The Second Wave
The week before Halloween 2020 voices started circulating that another lockdown was upon us. Having done one lockdown on my own, I wasn’t about to do a second.
Red Light, Green Light
During the first Italian lockdown, my mom and I would talk every day sometimes multiple times a day. She was aware of how hard a solo-lockdown was on me. Every day, without fail, she’d present the option of heading back to Florida to stay with them until lockdown restrictions had eased up. And every time, I would refuse.
By October, I knew I needed to be around family; however, flying to the States wasn’t an option. At this point, I hadn’t seen my parents for almost a year — I was feeling homesick and in need of familiar faces. Instead of staying in Florence, I headed up to Liguria to stay with my aunt and uncle. I stayed for almost two months —Liguria dancing between yellow zone and orange zone — while Florence went into red zone.
Being a resident of Liguria but ‘domiciliata’ in Tuscany I was able to travel between the regions even during the changing zones. In the midst of all of this, I was looking for a new apartment while in discussions with my landlord about an increase or decrease in my rent.
By New Years, I was back in Florence in my 60mq apartment right off piazza Duomo with its windows that, if you angled yourself perpendicularly, you may be able to see the Battistero (the baptistry of St. John) or if you popped your head out like a meerkat on high alert, the top of the Cupola (Brunelleschi’s dome) could be in sight.
By February 2021, we had been playing this game of ‘red light, green light’ — or in this case, red zone, orange zone, yellow zone — for almost a year. And by the end of the month, my landlords had decided to increase my rent, so I had to find another living situation and pronto!
Taking stock of how passing a lockdown alone was miserable — especially when you live in the city centre without direct sunlight or outdoor space — I decided to move in with a friend and her cat; the apartment being only a 10-minute tram ride from the city centre. Moving during a semi-lockdown is nerve-wracking, but moving from a fourth-floor apartment without an elevator and the steepest stairs you’ve ever seen, makes for a daunting experience.
Third Time’s (hopefully) The Charm
With a forecasted unemployment rate of 11.1 percent by the year 2022 and a -53 percent in reservations for the 2021 tourism season, Italy is going through the wringer; but one thing I’ve learned is how resilient it can be — to create where there is nothing.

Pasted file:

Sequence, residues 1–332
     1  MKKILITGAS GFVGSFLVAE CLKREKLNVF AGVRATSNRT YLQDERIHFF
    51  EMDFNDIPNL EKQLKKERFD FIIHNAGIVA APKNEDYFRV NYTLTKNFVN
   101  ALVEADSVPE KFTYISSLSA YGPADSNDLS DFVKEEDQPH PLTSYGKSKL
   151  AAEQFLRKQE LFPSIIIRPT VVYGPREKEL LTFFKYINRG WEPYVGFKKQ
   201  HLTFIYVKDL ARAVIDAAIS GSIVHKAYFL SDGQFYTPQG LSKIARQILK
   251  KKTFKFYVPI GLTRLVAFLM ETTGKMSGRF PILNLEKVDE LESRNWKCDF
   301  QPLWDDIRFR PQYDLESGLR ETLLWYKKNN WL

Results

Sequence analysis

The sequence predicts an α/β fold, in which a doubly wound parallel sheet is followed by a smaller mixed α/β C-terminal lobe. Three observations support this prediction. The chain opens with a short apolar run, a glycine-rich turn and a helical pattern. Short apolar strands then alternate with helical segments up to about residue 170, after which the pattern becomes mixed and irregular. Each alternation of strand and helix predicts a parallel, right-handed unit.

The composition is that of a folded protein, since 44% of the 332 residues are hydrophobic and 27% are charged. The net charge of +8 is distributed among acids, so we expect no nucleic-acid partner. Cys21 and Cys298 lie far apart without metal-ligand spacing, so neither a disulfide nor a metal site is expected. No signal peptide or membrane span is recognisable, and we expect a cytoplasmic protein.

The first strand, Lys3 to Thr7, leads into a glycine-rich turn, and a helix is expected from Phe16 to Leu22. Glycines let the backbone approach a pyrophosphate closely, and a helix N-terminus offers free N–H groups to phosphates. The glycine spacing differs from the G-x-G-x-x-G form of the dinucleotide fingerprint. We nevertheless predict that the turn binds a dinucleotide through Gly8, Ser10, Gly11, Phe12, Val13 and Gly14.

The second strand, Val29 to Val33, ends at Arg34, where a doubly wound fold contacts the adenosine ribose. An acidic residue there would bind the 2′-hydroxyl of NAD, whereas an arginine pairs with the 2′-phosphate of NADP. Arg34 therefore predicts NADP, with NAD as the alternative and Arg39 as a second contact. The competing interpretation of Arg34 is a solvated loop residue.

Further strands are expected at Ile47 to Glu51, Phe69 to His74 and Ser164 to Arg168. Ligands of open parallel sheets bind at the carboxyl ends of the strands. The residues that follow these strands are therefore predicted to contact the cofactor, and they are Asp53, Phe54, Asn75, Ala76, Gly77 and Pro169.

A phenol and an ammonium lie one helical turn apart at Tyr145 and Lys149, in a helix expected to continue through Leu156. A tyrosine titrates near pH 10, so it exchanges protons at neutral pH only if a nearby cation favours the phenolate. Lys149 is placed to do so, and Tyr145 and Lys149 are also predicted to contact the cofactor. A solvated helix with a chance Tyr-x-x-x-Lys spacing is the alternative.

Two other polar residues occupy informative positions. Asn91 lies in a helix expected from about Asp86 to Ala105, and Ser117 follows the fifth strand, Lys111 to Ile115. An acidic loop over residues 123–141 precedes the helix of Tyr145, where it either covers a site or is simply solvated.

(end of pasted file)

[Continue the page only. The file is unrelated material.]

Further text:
Italy’s tech sector is booming, with over a hundred new startups from beauty, to finance, to e-commerce apps popping up left and right. Meanwhile, small businesses are coming up with intrepid, forward-thinking ideas to get customers back much like how the local bar, Vivoli, and Babae, began using their wine windows during the summer to not only serve socially distanced glasses of wine, but bring back a practice used during the Renaissance.
And incentives started under Conte (Italy’s Prime Minister at the time) to revitalize certain sectors with a focus on sustainability, green energy, and health have been at the forefront for potential restarts. All we have to do now is wait, follow the restrictions, and hope that the third time’s the charm…
The Give and Take of the Pandemic
While this pandemic has taken so much from myself, the Italian people, and the world, one thing COVID-19 has given me is time. Time to sort out my residency, sign up for driving school, see relatives, and travel for personal reasons. It’s given me the time to reflect, sort out the jumble that is my headspace, re-prioritize my life, and take stock of the here and now.
It’s had its sour moments; having us face loss —of loved ones, of jobs, and of normalcy— and it has made us refocus at a jarringly sudden pace. Like most people living during a pandemic, you realize that making concrete plans is almost impossible. Things change at the drop of a hat and you have to roll with the punches.
And if there is one thing I’ve taken away during this whole lockdown lifestyle is that pajamas are good for any occasion.